Friday, July 14, 2017

Latest Senate Healthcare Bill is a Step Toward Universal Coverage but Not Bold Enough

 Universal health care access is coming to America. As I wrote a few weeks ago, it is time to stop fighting it and make it work. In principle, Republicans agree. After all, from the very start of the repeal-and-replace debate, they have explicitly promised “coverage protections and peace of mind for all Americans.”

The latest version of the Better Care Reconciliation Act (BCRA) takes new steps toward universal access, but it is not yet bold enough. If our Senators only had the courage, they could build on these ideas to craft a plan that would satisfy both conservatives and moderates in their own ranks. Furthermore, it could become a way for the GOP to work together with Democrats, which polls say is what the public wants.  Here is how it could be done.

The Cruz amendment 

One of the features added to the BCRA in this latest round is an amendment proposed by Sen. Ted Cruz. Cruz correctly recognizes that the biggest stumbling block in crafting health care policy is determining what to do with the sickest 5 percent of the population, who account for half of all personal health care spending. As Cruz told Vox, his goal is to find a way to subsidize the needs of high-risk consumers directly, rather than having the healthy subsidize the sick by putting everyone into a single risk pool, as the Affordable Care Act (ACA) does. In his words,
If those with serious illnesses are going to be subsidized, and there is widespread agreement in Congress that they are going to be subsidized, I think it far better for that to happen from direct tax revenue rather than forcing a bunch of other people to pay much higher premiums.
The Cruz amendment does this by allowing insurers to offer stripped-down insurance plans to consumers as long as they also offer at least one plan in the same market that complies fully with ACA mandates. The ACA-compliant plans would retain the requirement of guaranteed issue, even to people with pre-existing conditions. As a number of observers have noted, the ACA-compliant plans would, under the Cruz amendment, become a de facto high risk pool.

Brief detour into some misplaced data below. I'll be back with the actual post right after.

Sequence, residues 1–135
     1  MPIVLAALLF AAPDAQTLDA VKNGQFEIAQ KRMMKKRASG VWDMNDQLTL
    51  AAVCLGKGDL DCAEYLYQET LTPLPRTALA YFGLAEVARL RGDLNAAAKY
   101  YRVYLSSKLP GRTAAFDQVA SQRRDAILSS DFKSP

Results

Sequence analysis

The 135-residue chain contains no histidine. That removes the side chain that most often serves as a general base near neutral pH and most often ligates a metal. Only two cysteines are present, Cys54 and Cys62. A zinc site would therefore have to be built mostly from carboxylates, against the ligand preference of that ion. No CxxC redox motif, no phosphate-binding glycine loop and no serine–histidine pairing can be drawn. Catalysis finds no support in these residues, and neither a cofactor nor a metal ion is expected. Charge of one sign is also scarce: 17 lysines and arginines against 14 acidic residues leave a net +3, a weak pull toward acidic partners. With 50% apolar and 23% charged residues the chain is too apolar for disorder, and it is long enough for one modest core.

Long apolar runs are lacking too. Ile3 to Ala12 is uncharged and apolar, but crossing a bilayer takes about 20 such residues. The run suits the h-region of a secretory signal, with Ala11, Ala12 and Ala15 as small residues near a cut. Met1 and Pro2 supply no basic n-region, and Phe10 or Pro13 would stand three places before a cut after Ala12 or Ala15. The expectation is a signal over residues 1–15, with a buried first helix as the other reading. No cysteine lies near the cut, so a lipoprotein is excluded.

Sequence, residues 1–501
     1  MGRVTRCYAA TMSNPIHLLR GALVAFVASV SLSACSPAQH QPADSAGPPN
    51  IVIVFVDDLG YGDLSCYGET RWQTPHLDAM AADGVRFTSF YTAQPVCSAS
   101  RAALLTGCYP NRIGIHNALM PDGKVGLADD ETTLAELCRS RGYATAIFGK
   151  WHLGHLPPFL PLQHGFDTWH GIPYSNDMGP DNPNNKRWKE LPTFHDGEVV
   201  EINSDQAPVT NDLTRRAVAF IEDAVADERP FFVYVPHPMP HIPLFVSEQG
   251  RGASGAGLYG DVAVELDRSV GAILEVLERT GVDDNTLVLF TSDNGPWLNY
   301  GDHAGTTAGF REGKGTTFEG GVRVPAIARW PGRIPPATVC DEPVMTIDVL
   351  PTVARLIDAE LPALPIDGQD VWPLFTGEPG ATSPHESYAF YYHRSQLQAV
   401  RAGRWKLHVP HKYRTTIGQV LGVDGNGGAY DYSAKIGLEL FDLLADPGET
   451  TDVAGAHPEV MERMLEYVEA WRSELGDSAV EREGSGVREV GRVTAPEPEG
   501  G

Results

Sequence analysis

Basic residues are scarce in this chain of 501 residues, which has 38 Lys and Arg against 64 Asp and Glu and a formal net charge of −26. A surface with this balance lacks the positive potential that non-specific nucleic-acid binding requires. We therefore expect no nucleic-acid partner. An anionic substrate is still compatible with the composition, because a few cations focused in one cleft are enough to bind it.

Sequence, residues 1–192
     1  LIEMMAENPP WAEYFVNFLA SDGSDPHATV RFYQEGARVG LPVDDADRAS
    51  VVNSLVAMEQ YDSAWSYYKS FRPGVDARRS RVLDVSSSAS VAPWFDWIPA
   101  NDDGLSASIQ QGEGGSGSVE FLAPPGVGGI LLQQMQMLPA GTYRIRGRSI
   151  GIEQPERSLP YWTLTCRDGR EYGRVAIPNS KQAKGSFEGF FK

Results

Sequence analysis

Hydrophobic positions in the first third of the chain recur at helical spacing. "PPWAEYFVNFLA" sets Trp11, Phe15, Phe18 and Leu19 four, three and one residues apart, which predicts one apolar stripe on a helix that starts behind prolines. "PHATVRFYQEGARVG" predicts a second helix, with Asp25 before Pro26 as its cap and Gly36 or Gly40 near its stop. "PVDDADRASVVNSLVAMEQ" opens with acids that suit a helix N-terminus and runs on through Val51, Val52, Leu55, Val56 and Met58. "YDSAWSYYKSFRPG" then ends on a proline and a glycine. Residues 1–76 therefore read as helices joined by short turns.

In principle, as I explained in an earlier post, high-risk pools do offer a way to provide health care coverage to the most difficult sector of the population: those with expensive chronic health conditions. The trouble is, they require heavy subsidies. In a study for the Commonwealth Foundation, Jean P. Hall of the University of Kansas calculated that a national high-risk pool needs to cover 13.7 million people who have average medical costs of $20,000 per year. Even if those beneficiaries paid a hefty annual premium of $7,000, the net cost to the federal government would be $178 billion per year.

Although the new version of the BCRA does retain some ACA-related taxes on wealthy households that were slated for repeal in earlier versions, it still does not appear to offer the financing needed to make ACA-compliant plans affordable to all who need them. The bill allocates only about $40 billion a year for tax credits of all kinds, according to early reports. Without proper funding, ACA-compliant high-risk plans would offer universal access in name only. Subsequently, applicants would encounter waiting periods, high premiums, and other drawbacks that troubled the high-risk pools that existed in many states before the ACA.